Ever since the trail-blazing 1960s, a democratisation of entertainment has occured in which 'high' forms of art and culture no longer dominate our collective imaginary. To put that in less of an arse-to-mouth academic kind of way, we began to believe that things such as pop music and soap operas can be equally as nourishing as, say, a Beethoven symphony or a Jane Austin novel. This trend reached fever-pitch around the year 2000 when the world got bitten by the reality TV bug. The success of shows such as Survivor and Big Brother caused self-righteous individuals across the world to proclaim the death of culture, and the deterioration of entertainment.
Very much a child of my generation, I was swept up in the reality TV buzz. The social aspect of the shows like Survivor is perhaps what is most fascinating about them, they are a bizarre microcosm of life. A large dose of narcissism also fuels the intrigue of reality TV - watching everyday people in extreme situations causes one to picture themselves in the same environment. The high drama of shows such as The X Factor makes the viewer feel as though the contestants are really acheiving something, and that you are fortunate just to be a spectator.
When I think back to the hours I have spent waiting to find out who is in the bottom three of So You Think Can Dance, listening to the Big Brother housemates' drivel, or writing a 100,000 word Survivor fan-fiction story at age fourteen, I feel a little sad, and can't help but wonder if those hours could have been spent more wisely.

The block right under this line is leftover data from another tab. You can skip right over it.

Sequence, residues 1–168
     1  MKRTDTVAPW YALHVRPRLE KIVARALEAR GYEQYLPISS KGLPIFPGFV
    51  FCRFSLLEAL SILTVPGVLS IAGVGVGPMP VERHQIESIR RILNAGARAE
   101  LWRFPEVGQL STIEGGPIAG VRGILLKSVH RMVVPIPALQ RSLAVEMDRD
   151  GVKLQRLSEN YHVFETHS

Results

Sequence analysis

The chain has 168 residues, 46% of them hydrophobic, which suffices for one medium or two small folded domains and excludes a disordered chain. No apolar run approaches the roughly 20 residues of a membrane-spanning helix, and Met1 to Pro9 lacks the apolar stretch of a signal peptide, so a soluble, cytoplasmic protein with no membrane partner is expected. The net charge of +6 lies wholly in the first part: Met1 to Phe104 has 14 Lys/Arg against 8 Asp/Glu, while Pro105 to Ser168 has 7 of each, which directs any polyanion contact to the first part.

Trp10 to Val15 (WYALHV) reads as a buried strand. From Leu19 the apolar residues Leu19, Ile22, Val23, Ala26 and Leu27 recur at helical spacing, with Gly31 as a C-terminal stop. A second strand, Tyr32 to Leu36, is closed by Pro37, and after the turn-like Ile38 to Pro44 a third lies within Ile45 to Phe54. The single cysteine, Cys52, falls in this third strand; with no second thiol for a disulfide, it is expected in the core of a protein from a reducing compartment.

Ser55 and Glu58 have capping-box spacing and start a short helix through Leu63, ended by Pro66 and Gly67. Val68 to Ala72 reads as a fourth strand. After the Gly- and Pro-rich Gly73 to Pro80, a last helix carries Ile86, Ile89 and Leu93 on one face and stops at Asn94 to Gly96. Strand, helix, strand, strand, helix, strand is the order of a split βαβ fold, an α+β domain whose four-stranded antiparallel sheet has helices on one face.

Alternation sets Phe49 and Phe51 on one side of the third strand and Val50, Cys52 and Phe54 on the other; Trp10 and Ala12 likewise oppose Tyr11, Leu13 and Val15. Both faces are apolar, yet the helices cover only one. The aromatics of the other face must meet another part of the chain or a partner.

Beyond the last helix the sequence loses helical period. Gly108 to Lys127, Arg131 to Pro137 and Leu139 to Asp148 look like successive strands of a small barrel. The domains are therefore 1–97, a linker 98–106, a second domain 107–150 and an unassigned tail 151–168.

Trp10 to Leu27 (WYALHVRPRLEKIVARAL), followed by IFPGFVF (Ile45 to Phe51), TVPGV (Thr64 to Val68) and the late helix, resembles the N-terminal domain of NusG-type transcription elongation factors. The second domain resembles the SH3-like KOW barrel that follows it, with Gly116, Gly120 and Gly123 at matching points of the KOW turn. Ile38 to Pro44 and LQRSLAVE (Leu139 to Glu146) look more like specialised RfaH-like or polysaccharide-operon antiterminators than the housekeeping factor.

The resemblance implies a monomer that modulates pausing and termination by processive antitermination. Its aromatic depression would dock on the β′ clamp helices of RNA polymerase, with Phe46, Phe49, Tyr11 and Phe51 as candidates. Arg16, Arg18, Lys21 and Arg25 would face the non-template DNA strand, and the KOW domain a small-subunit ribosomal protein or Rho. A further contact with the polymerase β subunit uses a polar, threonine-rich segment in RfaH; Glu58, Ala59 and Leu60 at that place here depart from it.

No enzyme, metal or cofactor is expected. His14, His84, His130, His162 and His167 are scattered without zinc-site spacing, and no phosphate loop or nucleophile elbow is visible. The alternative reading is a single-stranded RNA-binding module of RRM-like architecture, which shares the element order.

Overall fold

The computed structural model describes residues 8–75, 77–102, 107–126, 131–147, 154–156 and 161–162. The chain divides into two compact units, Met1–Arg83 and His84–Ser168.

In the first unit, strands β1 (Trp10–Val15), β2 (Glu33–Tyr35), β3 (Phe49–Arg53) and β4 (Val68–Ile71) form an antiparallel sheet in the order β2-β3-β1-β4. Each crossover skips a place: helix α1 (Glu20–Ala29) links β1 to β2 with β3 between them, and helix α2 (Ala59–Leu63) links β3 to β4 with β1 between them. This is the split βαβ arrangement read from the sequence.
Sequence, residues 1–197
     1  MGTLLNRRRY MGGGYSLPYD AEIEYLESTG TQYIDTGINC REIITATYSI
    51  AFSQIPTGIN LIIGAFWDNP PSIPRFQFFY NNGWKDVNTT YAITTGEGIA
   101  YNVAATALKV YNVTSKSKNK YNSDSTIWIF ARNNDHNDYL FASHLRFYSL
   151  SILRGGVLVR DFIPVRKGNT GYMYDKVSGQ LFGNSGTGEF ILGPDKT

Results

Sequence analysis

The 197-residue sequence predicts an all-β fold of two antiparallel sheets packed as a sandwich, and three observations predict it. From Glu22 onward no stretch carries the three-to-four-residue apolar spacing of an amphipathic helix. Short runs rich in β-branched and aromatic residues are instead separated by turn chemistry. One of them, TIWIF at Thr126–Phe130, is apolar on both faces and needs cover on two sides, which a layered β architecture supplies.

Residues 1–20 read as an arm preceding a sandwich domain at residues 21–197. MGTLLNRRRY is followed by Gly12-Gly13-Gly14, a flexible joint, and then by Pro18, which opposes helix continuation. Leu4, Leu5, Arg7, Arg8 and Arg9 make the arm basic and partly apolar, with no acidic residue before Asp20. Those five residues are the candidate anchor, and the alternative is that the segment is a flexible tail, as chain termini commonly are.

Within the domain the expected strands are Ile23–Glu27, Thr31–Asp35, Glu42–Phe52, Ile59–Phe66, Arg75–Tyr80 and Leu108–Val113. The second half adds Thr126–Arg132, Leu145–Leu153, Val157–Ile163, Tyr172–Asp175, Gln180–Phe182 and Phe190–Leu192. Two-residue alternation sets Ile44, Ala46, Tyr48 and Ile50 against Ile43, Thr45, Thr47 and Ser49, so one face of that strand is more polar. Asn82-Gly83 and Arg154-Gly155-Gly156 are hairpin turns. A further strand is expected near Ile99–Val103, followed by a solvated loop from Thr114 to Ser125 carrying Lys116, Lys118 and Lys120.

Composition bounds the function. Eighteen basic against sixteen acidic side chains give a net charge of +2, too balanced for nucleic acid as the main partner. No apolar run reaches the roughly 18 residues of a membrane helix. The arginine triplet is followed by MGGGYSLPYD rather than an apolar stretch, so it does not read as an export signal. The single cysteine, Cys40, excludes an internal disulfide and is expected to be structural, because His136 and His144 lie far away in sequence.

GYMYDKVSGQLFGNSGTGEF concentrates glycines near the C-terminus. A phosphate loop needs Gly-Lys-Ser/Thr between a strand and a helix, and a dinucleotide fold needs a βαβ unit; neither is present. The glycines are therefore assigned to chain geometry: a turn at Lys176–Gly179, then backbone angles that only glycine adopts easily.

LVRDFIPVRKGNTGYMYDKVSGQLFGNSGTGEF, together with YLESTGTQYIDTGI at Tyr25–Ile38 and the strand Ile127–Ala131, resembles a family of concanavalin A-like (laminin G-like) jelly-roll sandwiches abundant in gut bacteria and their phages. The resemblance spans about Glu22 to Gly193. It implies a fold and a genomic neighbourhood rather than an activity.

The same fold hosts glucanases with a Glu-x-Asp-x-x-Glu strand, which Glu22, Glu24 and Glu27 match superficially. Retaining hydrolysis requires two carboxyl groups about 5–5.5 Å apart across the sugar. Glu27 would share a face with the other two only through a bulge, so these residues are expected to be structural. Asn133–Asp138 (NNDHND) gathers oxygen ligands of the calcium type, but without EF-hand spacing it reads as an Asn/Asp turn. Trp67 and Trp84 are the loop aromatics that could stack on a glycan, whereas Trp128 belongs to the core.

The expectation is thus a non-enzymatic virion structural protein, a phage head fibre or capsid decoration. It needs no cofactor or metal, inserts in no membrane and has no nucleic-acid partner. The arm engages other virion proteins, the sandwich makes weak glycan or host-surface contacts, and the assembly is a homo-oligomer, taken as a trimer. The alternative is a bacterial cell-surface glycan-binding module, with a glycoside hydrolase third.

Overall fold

Shows such as The Sopranos and Mad Men highlight the fact that television can be an artful medium, but there is no art in reality TV. Just a jack-off formula intended to pull at the heart-strings and test your nerves. The maximum pleasure that can possibly be gained from reality TV is the equivalent of, say, eating a Big Mac meal: a hedonistic thrill that is enjoyable at the time but pretty depressing in hindsight.
Television networks realise that the reality TV is both cheap to produce and easy to market, and are therefore less willing to fund other types of programs. Why would a bottom-dollar network boss want to fund scriptwriters, actors and a director for a drama which could possibly flop when they can stick six disgustingly stereotypical Italian-American 'guidos' in a house for two months and come up with the small-screen goldmine that was Jersey Shore. The show would have cost MTV peanuts to make and was so successful that it has been credited with driving an 8% surge in revenue for MTV's umbrella company Viacom.
No matter how ridiculous the show, it's no great gamble for networks, so there is no reason for reality TV to disappear anytime soon. This worries me because reality TV is fast becoming all that people watch on the box, and I don't think can be a good thing for our collective intelligence. I'm sick of waiting an ad break for some result, I'm sick of commentating voice-overs which insult my intelligence and I'm sick of the dodgy editing which repeats snippets of imagery week after week.
You can sing all you like about entertainment for entertainment's sake, but I've quit reality TV because I deserve better.